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Federal Judge Rules After School Satan Club Must be Allowed to Convene in Pennsylvania

'The sanctity of the First Amendment’s protection must prevail,' said District Court Judge John M. Gallagher

A Pennsylvania school district must permit a club sponsored by The Satanic Temple to hold meetings.

The United States District Court for the Eastern District of Pennsylvania released a ruling on May 1 stating the After School Satan Club was within its First Amendment rights to hold meetings. 

“When confronted with a challenge to free speech, the government’s first instinct must be to forward expression rather than quash it,” wrote Judge John M. Gallagher in his ruling. “Particularly when the content is controversial or inconvenient. Nothing less is consistent with the expressed purpose of the American Government to secure the core, innate rights of its people.”

Gallagher noted that “objectors” to The Satanic Temple Inc. “may challenge the sanctity of this controversially named organization.” 

“The sanctity of the First Amendment’s protection must prevail,” said Gallagher. 

The Saucon Valley School District must permit the After School Satan Club to meet on previously agreed days and times.

Gallagher denied a request from the plaintiffs to require the school district to distribute take-home permission slips to join the club to its students. 

The Satanic Temple opposes introducing religion in public schools and opens its After School Satan Clubs at any school that permits religious groups to offer extracurricular activities on its campus. The program “exists to provide a safe and inclusive alternative to the religious clubs that use threats of eternal damnation to convert school children to their belief system” and emphasizes “science, critical thinking, creative arts, and good works for the community.”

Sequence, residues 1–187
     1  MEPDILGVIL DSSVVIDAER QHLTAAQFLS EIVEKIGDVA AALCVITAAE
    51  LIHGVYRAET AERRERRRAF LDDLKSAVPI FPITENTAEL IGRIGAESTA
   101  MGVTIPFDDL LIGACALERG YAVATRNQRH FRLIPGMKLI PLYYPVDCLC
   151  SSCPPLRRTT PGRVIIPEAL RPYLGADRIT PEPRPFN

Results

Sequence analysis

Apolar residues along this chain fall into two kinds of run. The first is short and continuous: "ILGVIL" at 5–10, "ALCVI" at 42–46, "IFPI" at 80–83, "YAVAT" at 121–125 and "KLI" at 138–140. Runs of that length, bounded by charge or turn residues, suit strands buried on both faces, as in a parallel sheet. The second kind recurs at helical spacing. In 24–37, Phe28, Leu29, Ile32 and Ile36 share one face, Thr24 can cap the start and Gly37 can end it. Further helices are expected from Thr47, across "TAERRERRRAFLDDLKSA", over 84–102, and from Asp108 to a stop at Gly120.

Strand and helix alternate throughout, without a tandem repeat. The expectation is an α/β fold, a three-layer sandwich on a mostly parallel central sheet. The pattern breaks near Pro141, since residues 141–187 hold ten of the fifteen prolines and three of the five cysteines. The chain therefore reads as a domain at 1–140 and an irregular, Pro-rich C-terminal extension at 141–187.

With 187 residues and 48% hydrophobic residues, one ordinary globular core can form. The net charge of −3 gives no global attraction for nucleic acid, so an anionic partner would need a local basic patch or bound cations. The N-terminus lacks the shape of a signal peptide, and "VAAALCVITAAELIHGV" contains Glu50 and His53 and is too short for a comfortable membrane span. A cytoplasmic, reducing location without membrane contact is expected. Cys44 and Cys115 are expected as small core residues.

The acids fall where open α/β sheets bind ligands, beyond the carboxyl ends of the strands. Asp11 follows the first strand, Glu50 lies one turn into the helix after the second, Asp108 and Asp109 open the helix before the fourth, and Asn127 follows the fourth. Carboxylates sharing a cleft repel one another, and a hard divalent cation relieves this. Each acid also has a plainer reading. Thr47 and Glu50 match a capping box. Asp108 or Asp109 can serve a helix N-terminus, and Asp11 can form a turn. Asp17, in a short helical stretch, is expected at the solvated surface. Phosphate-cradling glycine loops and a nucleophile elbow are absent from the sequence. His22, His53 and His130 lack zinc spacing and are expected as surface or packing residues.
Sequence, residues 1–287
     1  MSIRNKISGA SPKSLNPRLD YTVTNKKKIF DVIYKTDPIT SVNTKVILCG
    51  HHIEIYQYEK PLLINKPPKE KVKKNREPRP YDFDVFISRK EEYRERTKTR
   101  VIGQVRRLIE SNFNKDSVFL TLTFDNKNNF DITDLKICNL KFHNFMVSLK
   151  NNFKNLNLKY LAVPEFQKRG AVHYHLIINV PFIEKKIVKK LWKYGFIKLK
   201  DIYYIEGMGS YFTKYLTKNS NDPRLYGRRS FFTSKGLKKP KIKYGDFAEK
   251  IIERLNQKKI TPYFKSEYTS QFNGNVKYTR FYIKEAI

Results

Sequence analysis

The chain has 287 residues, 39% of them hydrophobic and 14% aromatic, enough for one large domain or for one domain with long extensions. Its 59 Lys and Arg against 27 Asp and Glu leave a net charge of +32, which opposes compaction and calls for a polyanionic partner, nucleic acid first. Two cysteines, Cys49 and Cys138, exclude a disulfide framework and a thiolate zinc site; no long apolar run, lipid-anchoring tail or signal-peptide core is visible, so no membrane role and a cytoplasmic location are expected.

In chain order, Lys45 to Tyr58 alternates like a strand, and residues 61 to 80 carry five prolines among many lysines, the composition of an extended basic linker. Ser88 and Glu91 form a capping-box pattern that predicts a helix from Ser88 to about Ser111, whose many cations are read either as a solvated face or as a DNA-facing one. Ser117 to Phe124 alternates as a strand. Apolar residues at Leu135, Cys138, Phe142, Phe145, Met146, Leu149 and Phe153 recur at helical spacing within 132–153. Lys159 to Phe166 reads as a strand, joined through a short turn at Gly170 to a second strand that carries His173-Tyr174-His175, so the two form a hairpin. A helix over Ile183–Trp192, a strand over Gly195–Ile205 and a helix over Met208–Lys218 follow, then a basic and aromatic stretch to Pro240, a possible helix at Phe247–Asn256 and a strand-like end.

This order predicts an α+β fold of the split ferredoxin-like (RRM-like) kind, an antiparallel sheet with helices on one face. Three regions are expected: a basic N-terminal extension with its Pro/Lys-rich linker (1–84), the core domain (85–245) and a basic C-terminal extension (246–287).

“Proselytization is not our goal, and we’re not interested in converting children to Satanism,” the ASSC says in its mission statement. “After School Satan Clubs will focus on free inquiry and rationalism, the scientific basis for which we know what we know about the world around us. We prefer to give children an appreciation of the natural wonders surrounding them, not a fear of everlasting other-worldly horrors.”

The American Civil Liberties Union, which assisted in the club’s legal battle against the school district, celebrated Gallagher’s preliminary injunction. The organization accused the Saucon Valley School District of “brazen discrimination.”

“This ruling sends a powerful message that the First Amendment protects the viewpoints and beliefs of all people and faiths,” said the deputy legal director of the ACLU of Pennsylvania, Sara Rose, in a statement. “When a school district opens up its facilities, it cannot discriminate based on religious beliefs. This ruling reinforces the principle of equal access and ensures that all views have a fair opportunity to be expressed.”

The ASSC has clashed with parents and school officials over its efforts to open clubs in Illinois, Oregon, and Virginia.

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